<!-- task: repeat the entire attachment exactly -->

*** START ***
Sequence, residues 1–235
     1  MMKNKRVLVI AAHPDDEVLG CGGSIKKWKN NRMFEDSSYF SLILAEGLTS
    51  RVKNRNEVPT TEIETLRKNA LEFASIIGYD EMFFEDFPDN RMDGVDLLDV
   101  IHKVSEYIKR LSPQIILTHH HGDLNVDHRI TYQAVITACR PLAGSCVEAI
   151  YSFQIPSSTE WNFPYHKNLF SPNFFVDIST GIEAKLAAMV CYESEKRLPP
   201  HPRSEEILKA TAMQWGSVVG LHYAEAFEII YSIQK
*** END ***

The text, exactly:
Sequence, residues 1–235
     1  MMKNKRVLVI AAHPDDEVLG CGGSIKKWKN NRMFEDSSYF SLILAEGLTS
    51  RVKNRNEVPT TEIETLRKNA LEFASIIGYD EMFFEDFPDN RMDGVDLLDV
   101  IHKVSEYIKR LSPQIILTHH HGDLNVDHRI TYQAVITACR PLAGSCVEAI
   151  YSFQIPSSTE WNFPYHKNLF SPNFFVDIST GIEAKLAAMV CYESEKRLPP
   201  HPRSEEILKA TAMQWGSVVG LHYAEAFEII YSIQK